Betterment will monitor your goals every day. Whenever you want to check in, you can do so in just a few clicks. That way, you can catch things early on, correct your course, and not be caught by surprise at the last minute because your goal has been off-track.
5. We’ll Send You Reminders to Update Your Goals
We just discussed how market performance that is different from our original estimates may necessitate some adjustments to your goals over time. But even if markets behave as we project them to, your life might change, and your goal might need to change with it.
Maybe you’re having a baby, and that 1-bedroom house you were saving up for now needs to be a 2-bedroom house. Or, maybe your health isn’t great, and you might be forced to retire a few years ahead of schedule. We want to know those things so that we can update our advice.
We’ll send you periodic email reminders to check in on your goals and see if anything needs to be adjusted. This is a best practice amongst almost all financial advisors—not just Betterment—but it’s definitely something that can easily be overlooked in your busy schedule. That’s why we are proactive about reminding you to spend at least a few minutes every few months to review your goals. You should also review your financial profile and make sure your income level, tax bracket, marital status, and address are all correct.
What should you do if your goal ends up being off-track?
Despite all that, sometimes the stock market just doesn’t perform the way we want it to. You may find that the end date of your goal is fast approaching, and you realize you’re not on track to reach it. Unfortunately, there is no magic solution, but there are many things you can do to help towards reaching your goal.
Delay Your Goal
If your goal is flexible, delaying it slightly can be a great option that can give your portfolio time to recover, as well as give you extra time to save more. You can easily use the Preview Mode within your goal to see how big of an impact delaying your goal can have.
This strategy is best for goals with flexible timelines, such as vacations or home remodels.
Downsize Your Goal
Another option to consider is downsizing your goal. You can easily adjust the target amount for any goal to see what effect a smaller target amount has on whether or not you can realistically reach your goal.
For example, instead of buying this year’s Toyota Camry, maybe you aim for last year’s model instead.
Increase Your Savings
Increasing your savings amount is another option that can help you get back on-track. This may be easier said than done, but remember that this is only temporary. Cutting back on some discretionary items in your budget may be worth it if it helps you reach an important financial goal that you’ve set for yourself.
You can easily increase your auto-deposit amount within your account at any time.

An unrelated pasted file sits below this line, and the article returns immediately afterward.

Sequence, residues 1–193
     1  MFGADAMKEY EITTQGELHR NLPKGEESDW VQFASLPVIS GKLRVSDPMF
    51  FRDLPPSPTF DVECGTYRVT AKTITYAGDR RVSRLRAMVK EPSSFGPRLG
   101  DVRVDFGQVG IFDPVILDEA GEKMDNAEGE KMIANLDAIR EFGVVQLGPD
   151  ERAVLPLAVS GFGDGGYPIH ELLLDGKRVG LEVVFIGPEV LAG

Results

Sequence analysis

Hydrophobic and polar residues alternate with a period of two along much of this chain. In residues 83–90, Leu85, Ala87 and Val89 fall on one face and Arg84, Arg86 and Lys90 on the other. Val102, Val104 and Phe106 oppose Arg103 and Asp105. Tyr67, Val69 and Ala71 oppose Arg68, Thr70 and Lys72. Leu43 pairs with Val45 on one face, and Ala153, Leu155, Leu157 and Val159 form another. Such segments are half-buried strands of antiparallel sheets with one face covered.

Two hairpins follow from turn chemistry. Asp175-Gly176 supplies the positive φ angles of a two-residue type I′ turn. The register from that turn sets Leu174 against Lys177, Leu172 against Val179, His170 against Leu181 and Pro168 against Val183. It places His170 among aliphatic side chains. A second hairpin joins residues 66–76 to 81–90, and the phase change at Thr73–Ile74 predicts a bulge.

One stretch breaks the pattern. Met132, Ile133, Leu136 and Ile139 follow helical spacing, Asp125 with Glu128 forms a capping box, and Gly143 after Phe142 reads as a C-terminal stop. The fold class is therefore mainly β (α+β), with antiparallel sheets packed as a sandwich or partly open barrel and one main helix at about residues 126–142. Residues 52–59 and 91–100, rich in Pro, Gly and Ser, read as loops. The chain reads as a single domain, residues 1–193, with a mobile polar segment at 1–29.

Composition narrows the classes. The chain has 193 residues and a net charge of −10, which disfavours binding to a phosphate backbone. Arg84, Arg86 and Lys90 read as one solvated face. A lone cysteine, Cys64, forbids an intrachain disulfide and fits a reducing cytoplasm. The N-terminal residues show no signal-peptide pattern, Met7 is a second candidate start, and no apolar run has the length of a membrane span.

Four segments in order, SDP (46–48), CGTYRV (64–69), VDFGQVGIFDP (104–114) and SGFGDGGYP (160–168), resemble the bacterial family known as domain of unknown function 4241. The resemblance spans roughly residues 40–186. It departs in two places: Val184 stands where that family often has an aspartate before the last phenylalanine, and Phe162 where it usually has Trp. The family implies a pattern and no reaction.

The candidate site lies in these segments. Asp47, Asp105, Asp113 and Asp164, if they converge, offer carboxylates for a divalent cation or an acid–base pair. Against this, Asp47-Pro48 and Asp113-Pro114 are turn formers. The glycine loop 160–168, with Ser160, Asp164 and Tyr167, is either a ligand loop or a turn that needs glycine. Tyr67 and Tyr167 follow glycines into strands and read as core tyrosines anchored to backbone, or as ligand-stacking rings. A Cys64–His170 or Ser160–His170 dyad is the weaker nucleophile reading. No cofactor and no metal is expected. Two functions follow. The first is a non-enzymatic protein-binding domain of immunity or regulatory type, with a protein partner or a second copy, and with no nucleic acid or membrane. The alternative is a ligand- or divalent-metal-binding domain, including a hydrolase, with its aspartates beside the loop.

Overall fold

Divert Money From Other Goals
You could divert money away from other financial goals you have, and towards the goal that has fallen off-track. The goals you divert from may be less important to you, or maybe they are goals that are further out into the future. Just be careful that you’re not robbing your future self in order to fulfill your current needs.
Money can be transferred between non-IRA/non-401(k) investment goals from within your account by performing a goal-to-goal transfer. Simply log in, choose the goal you want to move money out of, click on “Transfer or Rollover,” and then click “Transfer to another goal.”
All of the Above
The right solution for you may be a combination of more than one—or even all—of the above options.
For example, if you can save up an extra $100 per paycheck, delay your goal by three months, and also use some money from another goal, then that may be your formula to get back on-track.
Need More Advice?
The best financial plans have strategies that mitigate risk and are flexible enough to adapt to changes. Betterment takes both of those principles to heart with the advice that we give you. We can’t guarantee how the market will perform, but we can use technology to make our projections as accurate as possible. We can also make it easy for you to check your progress and make changes.
If you’d like extra help from one of our advisors when setting up your plan, you can book a Getting Started Call, and our advisors will walk you through every step.
What Are The Most Effective Auto-Deposit Settings?
Choosing the right deposit strategy is an important step towards helping you reach your goals. We recommend setting up your auto-deposits so that they occur right after each paycheck.
How to Do a Direct IRA Transfer
If this is your first direct IRA transfer, don’t worry. We help process direct IRA transfers every day, and we’re here to make it as easy for you as possible.
Our Team of Experts
Our executive investing committee includes experts from a range of backgrounds. We make strategic decisions based on a systematic, evidence-based approach.